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We also hold that the fact that Congress removed the factor of "contest" which was believed to prevent the deductibility of asserted tax liabilities which were later contested, does not make taxpayer's voluntary remittances overpayments of tax within the meaning of section 3771(a) of the Internal Revenue Code of 1939, thus entitling it to statutory interest when the amounts were refunded.


Taxpayer's motion for rehearing and to amend the judgment is denied.



An unrelated issue in Case No. 419-56 was decided in favor of the taxpayer


Section 223 of the Revenue Act of 1964 reads, in pertinent part, as follows:

"(2) Section 43 of the Internal Revenue Code of 1939 (relating to period for which deductions and credits taken) is amended by adding at the end thereof the following new sentences: "`If —

"`(1) the taxpayer contests an asserted liability,

"`(2) the taxpayer transfers money or other property to provide for the satisfaction of the asserted liability,

"`(3) the contest with respect to the asserted liability exists after the time of the transfer, and

"`(4) but for the fact that the asserted liability is contested, a deduction would be allowed for the taxable year of the transfer (or for an earlier taxable year), then the deduction shall be allowed for the taxable year of the transfer. * * *'

* * * * *

"(b) Effective Dates. — Except as provided in subsections (c) and (d) —

* * * * *

"(2) the amendment made by subsec(a) (2) shall apply to taxable years to which the Internal Revenue Code of 1939 applies.

* * * * *


S.Rep. No. 830, 88th Cong., 2d Sess. 243 (1964) [1964 U.S.Code Cong. and Adm. News]


Even after a final adverse decision in the 1942 litigation taxpayer would not have been under any obligation to pay the proposed adjustments of tax in his returns for the years 1943-1949. The Commissioner would have been required to send the statutory notice of deficiency in order to collect the resulting underpayments of tax for those years


The purpose of the section as stated by the Senate Finance Committee in S.Rep. No. 830, 88th Cong., 2d Sess. 243 (1964) was as follows:

"In G.C.M. 25298, 1947-2 C.B. 39, the Internal Revenue Service took the position that a taxpayer may deduct the amount of taxes paid to local authorities not later than for the year of payment even though he contests liability for such taxes. In 1961, the U.S. Supreme Court held that, where an accrual basis taxpayer contested taxes paid to local authorities, the contested amount was deductible for the taxable year in which the contest was settled rather than for the taxable year in which such amount was paid (U.S. v. Consolidated Edison Co. (1961) 366 U.S. 380 [81 S.Ct. 1326, 6 L.Ed.2d 356]). The new subsection (f), in the case of contested taxes, provides that the contested amount is deductible for the year of payment." (Emphasis supplied.)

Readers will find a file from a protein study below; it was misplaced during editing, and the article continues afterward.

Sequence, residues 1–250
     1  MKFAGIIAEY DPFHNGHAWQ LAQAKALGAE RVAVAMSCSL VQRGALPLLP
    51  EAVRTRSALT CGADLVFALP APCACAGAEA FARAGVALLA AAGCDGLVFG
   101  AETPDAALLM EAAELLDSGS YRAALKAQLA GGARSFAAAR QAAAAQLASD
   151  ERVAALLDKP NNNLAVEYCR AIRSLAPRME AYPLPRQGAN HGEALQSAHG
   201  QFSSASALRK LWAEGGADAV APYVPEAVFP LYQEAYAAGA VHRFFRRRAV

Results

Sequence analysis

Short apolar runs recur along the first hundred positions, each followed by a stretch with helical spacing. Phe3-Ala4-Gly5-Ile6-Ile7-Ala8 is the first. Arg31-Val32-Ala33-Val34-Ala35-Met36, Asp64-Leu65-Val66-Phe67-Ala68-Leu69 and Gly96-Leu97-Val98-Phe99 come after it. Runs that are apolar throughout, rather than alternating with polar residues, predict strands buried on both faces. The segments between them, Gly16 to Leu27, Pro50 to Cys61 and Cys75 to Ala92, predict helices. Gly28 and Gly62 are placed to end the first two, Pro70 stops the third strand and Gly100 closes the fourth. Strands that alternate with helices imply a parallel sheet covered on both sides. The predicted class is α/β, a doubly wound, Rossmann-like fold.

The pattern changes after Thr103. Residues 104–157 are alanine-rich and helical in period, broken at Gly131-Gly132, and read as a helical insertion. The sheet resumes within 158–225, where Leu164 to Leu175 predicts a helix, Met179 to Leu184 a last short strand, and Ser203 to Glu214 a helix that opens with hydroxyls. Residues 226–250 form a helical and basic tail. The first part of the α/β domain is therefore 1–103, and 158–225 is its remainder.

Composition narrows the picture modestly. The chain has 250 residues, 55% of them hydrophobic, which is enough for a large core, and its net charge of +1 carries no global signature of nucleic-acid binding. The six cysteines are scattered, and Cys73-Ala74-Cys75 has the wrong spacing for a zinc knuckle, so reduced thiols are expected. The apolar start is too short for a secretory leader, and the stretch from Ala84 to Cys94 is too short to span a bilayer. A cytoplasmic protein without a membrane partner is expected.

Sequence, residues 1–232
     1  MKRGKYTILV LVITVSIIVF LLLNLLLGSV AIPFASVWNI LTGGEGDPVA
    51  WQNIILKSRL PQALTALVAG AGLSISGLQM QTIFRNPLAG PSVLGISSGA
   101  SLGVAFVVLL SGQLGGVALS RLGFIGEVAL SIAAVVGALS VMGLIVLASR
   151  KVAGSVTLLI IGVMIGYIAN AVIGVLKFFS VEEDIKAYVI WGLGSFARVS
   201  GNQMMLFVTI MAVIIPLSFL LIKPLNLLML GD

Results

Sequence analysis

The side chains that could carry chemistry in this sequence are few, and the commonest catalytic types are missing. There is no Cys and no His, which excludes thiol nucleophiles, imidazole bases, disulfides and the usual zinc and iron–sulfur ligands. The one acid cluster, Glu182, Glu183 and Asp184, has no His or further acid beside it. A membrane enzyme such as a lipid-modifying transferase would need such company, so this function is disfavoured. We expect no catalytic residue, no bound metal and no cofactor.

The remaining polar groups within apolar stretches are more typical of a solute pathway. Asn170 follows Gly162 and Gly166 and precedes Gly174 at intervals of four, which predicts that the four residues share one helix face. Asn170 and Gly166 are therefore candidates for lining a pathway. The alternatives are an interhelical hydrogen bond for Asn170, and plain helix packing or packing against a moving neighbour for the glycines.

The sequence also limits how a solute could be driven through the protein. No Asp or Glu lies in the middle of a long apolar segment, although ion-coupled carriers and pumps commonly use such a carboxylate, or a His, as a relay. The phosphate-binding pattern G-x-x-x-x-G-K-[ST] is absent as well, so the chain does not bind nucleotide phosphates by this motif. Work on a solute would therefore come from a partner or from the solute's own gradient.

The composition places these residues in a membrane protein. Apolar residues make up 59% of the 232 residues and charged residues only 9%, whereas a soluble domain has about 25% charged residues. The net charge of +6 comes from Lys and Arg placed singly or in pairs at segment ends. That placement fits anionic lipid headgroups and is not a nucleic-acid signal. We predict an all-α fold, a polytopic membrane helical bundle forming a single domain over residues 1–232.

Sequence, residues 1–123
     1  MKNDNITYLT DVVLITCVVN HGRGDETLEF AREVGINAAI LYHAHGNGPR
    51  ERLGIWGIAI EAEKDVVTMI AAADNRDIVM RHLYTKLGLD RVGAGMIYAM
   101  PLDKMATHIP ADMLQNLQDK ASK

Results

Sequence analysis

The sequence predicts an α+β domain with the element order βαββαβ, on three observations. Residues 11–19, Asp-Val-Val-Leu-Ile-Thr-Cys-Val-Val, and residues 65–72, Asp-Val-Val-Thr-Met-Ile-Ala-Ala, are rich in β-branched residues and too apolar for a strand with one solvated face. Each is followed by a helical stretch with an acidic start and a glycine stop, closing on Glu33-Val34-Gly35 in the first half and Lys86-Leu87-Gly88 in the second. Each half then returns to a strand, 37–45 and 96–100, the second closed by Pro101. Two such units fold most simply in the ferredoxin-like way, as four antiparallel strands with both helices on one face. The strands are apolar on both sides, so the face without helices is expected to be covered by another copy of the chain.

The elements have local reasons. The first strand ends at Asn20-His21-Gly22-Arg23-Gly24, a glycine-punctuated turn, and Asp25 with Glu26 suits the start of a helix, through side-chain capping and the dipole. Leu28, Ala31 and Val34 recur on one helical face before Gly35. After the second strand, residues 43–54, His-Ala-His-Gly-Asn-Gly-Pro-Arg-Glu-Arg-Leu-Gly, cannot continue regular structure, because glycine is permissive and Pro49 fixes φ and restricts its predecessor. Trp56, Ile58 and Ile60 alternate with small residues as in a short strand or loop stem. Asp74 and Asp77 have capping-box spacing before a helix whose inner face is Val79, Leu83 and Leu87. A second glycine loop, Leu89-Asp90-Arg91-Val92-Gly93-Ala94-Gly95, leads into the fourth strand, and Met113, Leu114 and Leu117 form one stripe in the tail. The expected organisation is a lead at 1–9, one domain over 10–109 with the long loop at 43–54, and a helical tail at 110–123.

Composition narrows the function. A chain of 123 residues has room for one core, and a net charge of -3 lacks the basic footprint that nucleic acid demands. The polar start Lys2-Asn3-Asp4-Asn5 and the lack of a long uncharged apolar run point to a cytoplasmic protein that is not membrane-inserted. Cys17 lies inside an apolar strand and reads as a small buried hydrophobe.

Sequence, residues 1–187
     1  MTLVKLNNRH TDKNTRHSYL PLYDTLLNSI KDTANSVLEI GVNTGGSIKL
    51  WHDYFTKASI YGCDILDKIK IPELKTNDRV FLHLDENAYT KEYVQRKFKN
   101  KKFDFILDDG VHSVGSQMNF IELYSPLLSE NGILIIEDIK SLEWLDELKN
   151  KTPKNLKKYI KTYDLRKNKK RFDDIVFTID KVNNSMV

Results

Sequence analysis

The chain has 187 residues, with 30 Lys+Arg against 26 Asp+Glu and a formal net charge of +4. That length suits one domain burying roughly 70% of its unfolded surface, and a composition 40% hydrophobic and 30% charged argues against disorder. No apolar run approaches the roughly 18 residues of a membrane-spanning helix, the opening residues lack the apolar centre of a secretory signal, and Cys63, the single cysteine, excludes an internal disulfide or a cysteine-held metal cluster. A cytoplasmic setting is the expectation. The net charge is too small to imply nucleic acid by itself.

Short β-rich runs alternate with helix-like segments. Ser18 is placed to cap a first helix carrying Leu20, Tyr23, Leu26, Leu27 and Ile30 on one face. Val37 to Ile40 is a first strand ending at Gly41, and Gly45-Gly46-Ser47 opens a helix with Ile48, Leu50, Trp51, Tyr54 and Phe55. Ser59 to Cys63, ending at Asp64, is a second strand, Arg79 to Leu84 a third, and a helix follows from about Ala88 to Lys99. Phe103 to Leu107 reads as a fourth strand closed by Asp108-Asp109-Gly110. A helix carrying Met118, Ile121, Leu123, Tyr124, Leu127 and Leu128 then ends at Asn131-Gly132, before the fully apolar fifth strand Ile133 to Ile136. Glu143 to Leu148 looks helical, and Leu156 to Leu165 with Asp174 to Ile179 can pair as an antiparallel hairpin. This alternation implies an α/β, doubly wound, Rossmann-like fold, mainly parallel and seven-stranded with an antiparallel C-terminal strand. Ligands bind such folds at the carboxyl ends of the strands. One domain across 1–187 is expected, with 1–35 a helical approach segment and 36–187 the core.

WHITAKER, Judge (dissenting).


The majority says this case does not come within section 223 of the Revenue Act of 1964, because there was no contest as to the years in question, nor had any liability been asserted for those years. I cannot agree to this.


Defendant had assessed a tax for 1942, the year before the years in question. Plaintiff's liability therefor was being contested in the District Court. The law and the facts applicable to plaintiff's liability for 1942 were the same as in subsequent years. So, when the Revenue Agent's report came in asserting a liability for the subsequent years on a basis the same as for 1942, the Bureau in Washington notified the taxpayer it would defer issuing a deficiency notice until after termination of the litigation as to 1942. When the District Court decided the case adversely to plaintiff, the Bureau still withheld the deficiency notice, because plaintiff had taken an appeal from the District Court's decision.


Under these circumstances plaintiff made the payments in question.


Had the Court of Appeals affirmed the District Court, can it be questioned that the Bureau would have issued the deficiency notice? The basis for such a notice, I reiterate, would have been the same as the basis for the 1942 assessment.


What is lacking to bring the case within section 223? Only a formal notice of a deficiency. The statute does not require this. For this court to do so is to do like the Pharisees of old who tithed mint and anise and cummin, and neglected justice and mercy and the love of God.